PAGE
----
Dr. Connie Omari
Hi, my name is Dr. Connie Omari and I am the owner of Tech Talk therapy where we provide Person Centered counseling through the use of technology. I am a Certified Clinical trauma professional and I work with people experiencing trauma.
Today, what I want to talk to you about is a very big challenge that comes with trauma. The challenge that I am referring to is shame.
So today we’re going to talk about how to overcome shame, because shame is typically something that is used to keep us from living our best life. So the first recommendation I have is exposure. Because shameful things are often shameful we don’t want people to know about them, is a tendency to keep them to ourselves. But when we do that, we have the opportunity to fester and just totally immerse ourself into whatever the shameful event is, when in reality, most of the other people that we are ashamed of ourselves around don’t even know that we’ve done the whatever the shameful event is.
So I don’t wouldn’t recommend going around telling all your business. But sometimes we can address shame by writing it down. Keeping a journal. There’s all types of like confession, things where you can let people know that you’ve done things anonymously. You can write letters to yourself or to if someone else is involved in this shameful event to them, or if there’s someone you feel like should know about it, but you can’t tell them write it down. But don’t Mel it, you could tear it up, you can burn it, whatever. But it can be a way of getting it off your chest, but just expose the event in a way that you can live with.
And that takes some of the burden and the guilt away from you. So that you don’t have to deal with the shame. Further, another recommendation I have is to process your feelings. So a lot of times we have this saying like you should be ashamed of yourself. And once that saying that thought is put in our head, we actually believe that we should be ashamed of ourselves. That’s not necessarily true. And depending upon what the shameful event is, you may have the power and the authority to redefine whether or not that’s a shameful event.
So take the time you owe it to yourself to really look through whatever your events are, and determine for yourself, is this really shameful? Or is this a stigma or something that has been placed on this, but it’s the other person’s stuff and not mine, or even society. So sometimes society can shame you for doing things that you really should not, there really are applicable, you can make that decision for yourself. And you do that by processing.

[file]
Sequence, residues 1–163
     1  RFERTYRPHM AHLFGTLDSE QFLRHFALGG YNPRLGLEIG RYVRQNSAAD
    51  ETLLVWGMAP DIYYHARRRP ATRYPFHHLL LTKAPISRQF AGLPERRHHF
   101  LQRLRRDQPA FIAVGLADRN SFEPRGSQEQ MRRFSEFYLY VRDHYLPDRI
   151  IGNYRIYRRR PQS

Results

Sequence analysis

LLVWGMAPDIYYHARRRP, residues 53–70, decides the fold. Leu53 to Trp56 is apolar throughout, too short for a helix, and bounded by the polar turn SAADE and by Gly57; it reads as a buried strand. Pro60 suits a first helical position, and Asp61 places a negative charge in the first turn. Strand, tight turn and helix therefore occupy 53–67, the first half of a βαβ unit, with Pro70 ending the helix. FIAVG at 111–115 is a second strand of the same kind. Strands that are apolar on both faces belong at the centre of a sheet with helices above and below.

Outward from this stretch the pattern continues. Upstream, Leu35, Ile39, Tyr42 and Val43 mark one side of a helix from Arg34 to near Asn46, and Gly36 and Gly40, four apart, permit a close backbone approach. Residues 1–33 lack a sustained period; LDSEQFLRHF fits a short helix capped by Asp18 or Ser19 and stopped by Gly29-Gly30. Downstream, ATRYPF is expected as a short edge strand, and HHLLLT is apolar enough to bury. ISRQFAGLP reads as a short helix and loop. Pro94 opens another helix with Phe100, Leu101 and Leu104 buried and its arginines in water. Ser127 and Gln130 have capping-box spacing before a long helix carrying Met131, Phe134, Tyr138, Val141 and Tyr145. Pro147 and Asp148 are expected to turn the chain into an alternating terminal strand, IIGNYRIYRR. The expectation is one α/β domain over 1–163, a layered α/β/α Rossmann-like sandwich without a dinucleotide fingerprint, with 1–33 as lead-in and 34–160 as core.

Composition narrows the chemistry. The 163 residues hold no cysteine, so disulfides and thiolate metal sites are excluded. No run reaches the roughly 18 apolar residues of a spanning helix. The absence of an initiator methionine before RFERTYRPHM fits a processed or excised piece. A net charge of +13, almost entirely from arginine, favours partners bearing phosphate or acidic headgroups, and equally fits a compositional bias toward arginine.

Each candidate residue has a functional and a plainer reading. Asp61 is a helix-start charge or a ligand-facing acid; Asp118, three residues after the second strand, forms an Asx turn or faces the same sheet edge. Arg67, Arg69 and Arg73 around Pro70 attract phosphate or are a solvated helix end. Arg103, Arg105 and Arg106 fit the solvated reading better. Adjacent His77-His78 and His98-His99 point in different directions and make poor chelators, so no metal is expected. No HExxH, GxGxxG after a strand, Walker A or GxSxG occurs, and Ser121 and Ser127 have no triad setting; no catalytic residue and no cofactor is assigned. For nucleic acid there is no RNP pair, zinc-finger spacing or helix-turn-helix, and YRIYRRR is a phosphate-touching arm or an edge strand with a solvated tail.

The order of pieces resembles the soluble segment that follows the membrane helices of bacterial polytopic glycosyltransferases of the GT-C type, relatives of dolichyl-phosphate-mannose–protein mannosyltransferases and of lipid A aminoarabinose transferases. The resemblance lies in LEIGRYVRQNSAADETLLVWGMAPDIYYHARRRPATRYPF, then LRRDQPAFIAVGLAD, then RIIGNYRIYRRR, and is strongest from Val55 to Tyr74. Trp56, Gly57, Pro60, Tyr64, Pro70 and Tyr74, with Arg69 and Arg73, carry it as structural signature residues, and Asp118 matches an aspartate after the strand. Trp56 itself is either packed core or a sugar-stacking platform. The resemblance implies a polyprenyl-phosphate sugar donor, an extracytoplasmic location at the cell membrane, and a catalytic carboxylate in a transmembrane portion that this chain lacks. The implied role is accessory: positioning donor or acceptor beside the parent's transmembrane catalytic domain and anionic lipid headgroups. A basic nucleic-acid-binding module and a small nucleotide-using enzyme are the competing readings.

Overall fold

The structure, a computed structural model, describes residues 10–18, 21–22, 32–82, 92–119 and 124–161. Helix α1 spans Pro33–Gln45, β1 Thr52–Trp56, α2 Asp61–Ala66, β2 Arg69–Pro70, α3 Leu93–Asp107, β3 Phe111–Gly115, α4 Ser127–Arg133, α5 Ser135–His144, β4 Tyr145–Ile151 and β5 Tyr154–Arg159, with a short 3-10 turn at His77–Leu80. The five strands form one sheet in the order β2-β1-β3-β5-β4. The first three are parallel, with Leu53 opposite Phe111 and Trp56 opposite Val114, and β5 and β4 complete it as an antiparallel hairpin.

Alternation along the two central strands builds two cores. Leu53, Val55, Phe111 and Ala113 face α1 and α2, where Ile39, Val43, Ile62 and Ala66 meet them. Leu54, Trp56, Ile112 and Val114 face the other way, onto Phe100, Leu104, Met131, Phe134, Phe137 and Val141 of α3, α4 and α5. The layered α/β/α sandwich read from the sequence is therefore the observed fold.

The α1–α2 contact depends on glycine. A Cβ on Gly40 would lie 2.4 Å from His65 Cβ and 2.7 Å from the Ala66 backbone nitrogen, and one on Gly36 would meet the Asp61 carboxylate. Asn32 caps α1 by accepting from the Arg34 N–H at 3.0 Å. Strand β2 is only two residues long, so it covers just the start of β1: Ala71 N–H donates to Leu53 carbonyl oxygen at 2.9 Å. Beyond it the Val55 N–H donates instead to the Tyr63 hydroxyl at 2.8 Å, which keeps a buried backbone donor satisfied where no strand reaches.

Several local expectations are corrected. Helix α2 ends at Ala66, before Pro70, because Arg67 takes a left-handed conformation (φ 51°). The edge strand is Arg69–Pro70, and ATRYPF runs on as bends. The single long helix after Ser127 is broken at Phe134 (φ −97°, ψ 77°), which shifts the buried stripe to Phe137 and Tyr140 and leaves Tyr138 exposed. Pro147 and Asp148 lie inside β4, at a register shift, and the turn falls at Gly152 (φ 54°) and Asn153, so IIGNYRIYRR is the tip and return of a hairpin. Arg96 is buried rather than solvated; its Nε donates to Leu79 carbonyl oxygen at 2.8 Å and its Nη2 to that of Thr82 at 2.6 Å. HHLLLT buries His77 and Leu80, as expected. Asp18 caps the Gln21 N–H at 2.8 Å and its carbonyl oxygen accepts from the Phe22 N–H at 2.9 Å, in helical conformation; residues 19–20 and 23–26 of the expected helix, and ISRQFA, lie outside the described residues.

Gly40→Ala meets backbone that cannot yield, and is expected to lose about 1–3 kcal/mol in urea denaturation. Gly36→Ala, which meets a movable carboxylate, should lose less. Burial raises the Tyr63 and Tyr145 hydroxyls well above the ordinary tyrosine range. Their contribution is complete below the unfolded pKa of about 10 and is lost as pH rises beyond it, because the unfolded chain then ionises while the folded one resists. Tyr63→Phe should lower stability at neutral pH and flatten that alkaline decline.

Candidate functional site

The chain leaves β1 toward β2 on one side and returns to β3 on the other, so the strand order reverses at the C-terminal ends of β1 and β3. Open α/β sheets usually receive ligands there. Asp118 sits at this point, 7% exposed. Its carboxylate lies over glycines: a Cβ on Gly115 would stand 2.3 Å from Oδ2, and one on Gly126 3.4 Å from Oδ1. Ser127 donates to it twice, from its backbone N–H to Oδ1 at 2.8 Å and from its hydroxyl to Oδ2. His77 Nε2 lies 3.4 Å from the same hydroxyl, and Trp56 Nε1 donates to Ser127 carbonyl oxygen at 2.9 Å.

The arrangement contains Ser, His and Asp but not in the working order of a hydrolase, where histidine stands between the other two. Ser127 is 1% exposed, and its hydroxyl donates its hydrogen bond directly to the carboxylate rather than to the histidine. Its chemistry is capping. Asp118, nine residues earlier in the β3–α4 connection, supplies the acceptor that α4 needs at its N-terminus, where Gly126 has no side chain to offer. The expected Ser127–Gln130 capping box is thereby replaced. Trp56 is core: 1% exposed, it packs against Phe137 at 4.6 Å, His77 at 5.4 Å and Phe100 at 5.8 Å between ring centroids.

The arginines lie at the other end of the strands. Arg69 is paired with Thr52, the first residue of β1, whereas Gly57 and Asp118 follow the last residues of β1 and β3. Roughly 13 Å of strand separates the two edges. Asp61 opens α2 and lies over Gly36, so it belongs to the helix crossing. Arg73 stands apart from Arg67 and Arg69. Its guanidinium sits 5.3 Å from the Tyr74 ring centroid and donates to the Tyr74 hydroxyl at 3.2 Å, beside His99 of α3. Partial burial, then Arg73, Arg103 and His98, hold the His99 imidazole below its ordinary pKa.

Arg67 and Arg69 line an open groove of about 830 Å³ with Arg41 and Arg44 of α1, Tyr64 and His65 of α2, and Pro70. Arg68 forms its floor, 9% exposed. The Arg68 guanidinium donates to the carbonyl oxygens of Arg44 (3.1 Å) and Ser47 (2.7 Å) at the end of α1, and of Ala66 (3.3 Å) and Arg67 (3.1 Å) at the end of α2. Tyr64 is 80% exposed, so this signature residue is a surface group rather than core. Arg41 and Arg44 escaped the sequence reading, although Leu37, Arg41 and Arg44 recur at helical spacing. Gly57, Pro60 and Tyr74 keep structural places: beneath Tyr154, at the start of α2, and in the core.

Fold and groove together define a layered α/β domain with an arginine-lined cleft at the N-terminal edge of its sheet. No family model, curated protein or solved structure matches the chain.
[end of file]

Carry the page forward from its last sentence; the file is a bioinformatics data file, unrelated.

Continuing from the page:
Next, I want to encourage you to separate the action from the person. All of us have done things that we are shameful for myself included. And though I have made poor choices and have done things that you know, might not want you to know about or other people to know about that doesn’t define who I am, I’m not a bad person, because I’ve done things that I’m not proud of. But the imperfection in me and the just, you know, inability to always make the right choices has come into effect which has led to that shameful event. So you know, I am not shameful, though I have committed shameful actions. And the same can be said about you.
Next, come to terms with really what brings the shame. A lot of times we’re ashamed of things that if we look at the root of the shame, we won’t be ashamed of them anymore. An example that comes to mind. And I know this is really crazy. But I remember a time when and I’m going to use somebody else, I’m not going to use one of my shameful events. But I remember a time when I’m not going to expose these people. But I was in church and someone was singing.
And another person just got really, really angry at that person for seeing it. And it just to me, it just really registered with me because I think that person was ashamed of the fact that they were getting shown up. And they couldn’t come to terms with the fact that they were being shown up singing. So it’s easy for them just to blame the other person for feeling that way. So you know, those things happen to all of us. So let’s just come to term with it.
And then the person who was actually singing better kind of internalized it like, Oh my God, I’ve done something wrong. I’ve done something bad. Really, it was only because of the only other person stuff and it required some processing and some really just working through stuff to get to the other side of it. Finally, connect with others. I really want to encourage you to do that. because you know, people who really love you and people who really care about you, they don’t care about your imperfections, they can look past that because they have them too.
And I believe that all of us should have only someone in life. But, you know, sometimes they’re really few and far to come, you know, to come by. And you just have to do what you can to connect with people that you either already know, or try to meet new people who will accept you unconditionally. So before we close, I realized I’ve lifted my arms a few times, and I realized I do have these hospital bands on.
So I just wanted to speak about those really quickly. Speaking of shame, I actually went to the emergency room recently because as many of you know, I did have a baby and a child to wear my wedding rings. And my fingers swell, and I was so embarrassed, like, I was so embarrassed that I was in the emergency room, I was so ashamed that I was in the emergency room having them literally saw off these I’m not gonna lie $7,000 wedding rings, and that I would just be in a situation like that. So that’s just let me let you know, we all experiencing shame. Here’s living proof of it. But sometimes some shameful events are harder to get through than others.